Our fate, it seemed,
was to shape things forever:
the lions would never come back -
golden-eyed, blown, without pity,
crowding the yard in an impatient mood,
swarming sedately
while Grandfather’s lawn disappeared -
twitching their tails, testing doors:
while you waited too - in a puddle of sweat -
not so concerned now with justice,
why it is some poems sound right.

This bringing together of two sides of the human – the side which is driven by animal instinct to build a world of grids and structures which will destroy animal life itself, and the side which is that of the language-using, world-dreaming humans, sensitive to others and especially to the animal other which is now under threat – makes for an engaging complexity and thus for a better poem. The final opening poem, “The Predators” extends the issue by describing humans as “word-haunted predators” and concludes:

We shall diminish the list of the warm ones
to foxes, five birds and rodentia.

Cousins. Hard cases like us.

Our landscape plans include:
stale exhaust, status-lined vistas;
the comfort of signage;
room for our families;
somewhere to nurse our regrets.

Easy to say we are SS who listen to Schubert.

But where did such genes learn such speech-arts?

Creatures defined by their teeth
but condemned to imagine?

Justice, for instance. Equality.
Kindness. And joy.

The old attitude to animals survives in poems like “Travelling with Birds” where, watching that wonderful film, Langford asks “What could be better than living the life of the instincts?” and answers by glossing it as “to give oneself over to precedence, lust, skill at war” – neatly taking out of play an entire poetic obsession with the issue of what a life of experience unmediated by language might be like. But generally animals now make an appearance under the flag of entropy – they are the diminishing and threatened. And some of the best poems of The Human Project are exactly about this including “The Silence of the Frogs”, “The Animal Book” and “The Animals are Passing from their Lives” the last of which, rather in the tone of “The Creature’s Tale”, imagines the animals of the world rather shamefacedly acknowledging the “superior powers” of the humans, trotting calmly into oblivion, and thus forming a kind of reverse of the procession onto the Ark.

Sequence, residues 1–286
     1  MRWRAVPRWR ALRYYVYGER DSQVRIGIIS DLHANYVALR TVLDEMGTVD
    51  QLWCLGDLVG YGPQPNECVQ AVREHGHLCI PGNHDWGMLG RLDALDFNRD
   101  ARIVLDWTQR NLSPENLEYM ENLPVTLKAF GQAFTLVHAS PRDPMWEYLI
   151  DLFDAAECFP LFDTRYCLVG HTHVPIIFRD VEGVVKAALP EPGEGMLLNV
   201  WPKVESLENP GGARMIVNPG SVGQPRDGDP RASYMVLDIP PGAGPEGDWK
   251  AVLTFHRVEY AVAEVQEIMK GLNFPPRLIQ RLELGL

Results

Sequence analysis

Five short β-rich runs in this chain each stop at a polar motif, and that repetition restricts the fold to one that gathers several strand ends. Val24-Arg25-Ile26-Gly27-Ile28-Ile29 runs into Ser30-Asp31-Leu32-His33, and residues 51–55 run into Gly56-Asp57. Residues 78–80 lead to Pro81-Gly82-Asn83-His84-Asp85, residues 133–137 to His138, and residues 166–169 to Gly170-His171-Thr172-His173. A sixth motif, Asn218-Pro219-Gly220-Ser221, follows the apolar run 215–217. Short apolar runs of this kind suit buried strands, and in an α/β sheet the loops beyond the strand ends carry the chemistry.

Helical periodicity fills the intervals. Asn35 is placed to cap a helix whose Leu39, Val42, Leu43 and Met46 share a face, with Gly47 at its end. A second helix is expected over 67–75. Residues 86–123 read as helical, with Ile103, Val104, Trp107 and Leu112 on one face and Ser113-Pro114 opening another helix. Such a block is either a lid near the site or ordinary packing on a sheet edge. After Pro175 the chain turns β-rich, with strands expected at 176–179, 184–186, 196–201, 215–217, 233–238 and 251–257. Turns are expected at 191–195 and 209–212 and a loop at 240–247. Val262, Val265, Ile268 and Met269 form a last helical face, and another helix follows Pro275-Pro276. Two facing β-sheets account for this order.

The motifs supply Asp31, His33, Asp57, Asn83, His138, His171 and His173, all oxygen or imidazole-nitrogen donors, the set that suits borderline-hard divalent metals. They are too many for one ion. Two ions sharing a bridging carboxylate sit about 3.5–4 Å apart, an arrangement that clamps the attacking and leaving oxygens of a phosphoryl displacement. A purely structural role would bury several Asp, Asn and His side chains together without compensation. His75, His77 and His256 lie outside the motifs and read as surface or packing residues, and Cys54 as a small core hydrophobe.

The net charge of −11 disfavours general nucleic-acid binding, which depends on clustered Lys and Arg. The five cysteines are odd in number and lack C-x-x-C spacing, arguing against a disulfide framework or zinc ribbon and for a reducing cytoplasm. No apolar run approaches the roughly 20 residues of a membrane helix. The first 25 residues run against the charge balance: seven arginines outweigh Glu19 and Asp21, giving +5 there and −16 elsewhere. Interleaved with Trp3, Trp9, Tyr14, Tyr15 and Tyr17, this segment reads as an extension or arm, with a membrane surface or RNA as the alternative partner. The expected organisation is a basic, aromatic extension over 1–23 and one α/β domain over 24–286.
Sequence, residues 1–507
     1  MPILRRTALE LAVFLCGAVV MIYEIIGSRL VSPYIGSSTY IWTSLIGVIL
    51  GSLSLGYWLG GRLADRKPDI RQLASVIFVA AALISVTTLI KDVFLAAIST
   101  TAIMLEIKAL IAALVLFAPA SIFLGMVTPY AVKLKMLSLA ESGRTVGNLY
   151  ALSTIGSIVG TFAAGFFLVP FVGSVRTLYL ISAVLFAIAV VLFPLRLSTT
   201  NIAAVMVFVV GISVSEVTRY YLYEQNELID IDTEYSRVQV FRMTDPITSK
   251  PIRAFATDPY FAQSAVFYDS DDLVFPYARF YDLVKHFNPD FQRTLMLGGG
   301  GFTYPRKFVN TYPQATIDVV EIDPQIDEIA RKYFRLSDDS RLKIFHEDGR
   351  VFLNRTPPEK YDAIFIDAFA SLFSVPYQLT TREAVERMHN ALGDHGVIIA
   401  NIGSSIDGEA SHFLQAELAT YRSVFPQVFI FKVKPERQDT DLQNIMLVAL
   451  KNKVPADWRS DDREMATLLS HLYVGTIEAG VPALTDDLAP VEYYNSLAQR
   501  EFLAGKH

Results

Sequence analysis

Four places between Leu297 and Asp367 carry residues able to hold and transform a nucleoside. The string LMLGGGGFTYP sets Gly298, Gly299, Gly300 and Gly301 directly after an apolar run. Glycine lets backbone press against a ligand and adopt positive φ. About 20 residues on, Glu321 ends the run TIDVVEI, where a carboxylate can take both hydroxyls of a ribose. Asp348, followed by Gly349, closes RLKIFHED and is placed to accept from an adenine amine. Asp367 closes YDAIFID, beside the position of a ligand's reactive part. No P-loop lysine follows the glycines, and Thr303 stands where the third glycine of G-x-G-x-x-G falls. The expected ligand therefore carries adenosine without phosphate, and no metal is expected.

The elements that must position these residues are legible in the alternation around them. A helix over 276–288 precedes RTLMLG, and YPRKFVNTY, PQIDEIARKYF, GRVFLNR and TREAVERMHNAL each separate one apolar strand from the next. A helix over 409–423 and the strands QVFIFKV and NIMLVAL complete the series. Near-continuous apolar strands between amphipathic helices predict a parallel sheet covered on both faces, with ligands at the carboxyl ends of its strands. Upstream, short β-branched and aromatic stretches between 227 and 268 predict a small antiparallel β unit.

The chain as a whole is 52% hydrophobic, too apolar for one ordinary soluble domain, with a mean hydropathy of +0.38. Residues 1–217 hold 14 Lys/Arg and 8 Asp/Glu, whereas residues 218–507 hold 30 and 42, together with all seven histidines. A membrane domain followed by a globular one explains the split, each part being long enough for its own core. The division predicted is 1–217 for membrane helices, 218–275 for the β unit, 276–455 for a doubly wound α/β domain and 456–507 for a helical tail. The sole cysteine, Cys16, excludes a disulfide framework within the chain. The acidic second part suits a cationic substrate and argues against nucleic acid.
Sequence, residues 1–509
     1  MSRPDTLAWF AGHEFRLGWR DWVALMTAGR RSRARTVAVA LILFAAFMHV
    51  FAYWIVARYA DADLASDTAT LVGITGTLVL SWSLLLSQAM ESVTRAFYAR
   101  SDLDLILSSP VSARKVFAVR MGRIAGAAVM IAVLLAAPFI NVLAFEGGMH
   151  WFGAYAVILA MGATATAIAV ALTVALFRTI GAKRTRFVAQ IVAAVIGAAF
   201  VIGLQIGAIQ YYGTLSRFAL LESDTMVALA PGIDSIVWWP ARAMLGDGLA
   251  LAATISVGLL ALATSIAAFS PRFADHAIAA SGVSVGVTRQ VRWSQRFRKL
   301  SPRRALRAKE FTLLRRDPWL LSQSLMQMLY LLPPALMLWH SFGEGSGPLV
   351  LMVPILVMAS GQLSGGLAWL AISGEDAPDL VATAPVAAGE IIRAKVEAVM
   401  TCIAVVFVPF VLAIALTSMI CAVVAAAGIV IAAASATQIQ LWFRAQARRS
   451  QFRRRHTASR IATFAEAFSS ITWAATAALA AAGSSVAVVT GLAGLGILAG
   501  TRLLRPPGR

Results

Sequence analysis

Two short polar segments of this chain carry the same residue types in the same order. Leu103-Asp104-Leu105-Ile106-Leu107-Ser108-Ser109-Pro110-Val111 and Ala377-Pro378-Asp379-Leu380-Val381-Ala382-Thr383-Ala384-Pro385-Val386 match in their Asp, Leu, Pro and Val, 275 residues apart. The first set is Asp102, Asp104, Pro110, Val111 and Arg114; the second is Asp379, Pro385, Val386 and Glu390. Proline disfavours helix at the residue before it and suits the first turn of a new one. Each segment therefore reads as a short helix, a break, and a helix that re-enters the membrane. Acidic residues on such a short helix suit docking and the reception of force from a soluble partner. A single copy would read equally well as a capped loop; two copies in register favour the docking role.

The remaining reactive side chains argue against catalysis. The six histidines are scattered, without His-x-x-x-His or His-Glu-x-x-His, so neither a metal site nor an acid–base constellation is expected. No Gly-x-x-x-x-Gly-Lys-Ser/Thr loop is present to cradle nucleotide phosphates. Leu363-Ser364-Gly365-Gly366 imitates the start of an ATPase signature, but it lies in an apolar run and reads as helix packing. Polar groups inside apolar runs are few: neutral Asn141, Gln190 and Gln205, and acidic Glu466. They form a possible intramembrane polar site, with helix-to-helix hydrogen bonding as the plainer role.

But in essence The Human Project is worried about the situation of the language users, especially the poets. And the general issue – what can I do and how should I do it? – is the same issue that, unspoken, has appeared in the earlier books. Does one write portraits? Poems of protest? Poems of endless explication? And why are these unsuccessful? Well one of the best responses to a strongly experience impasse is to express it – as impasse. There a lot of good poems here about poetry and the situation of the writer. In “The Monks”, for example, the dream of brotherhood and forgiveness which motivated (in Langford’s view at least ”” my own might be more sceptical about the characters of medieval recluses) those monks who formed the manuscript-copying communities on the coast of Britain is destroyed by the instinct-driven barbarities of the Norse invaders. Doomed, their only bequeathable creations will be their manuscripts and their example: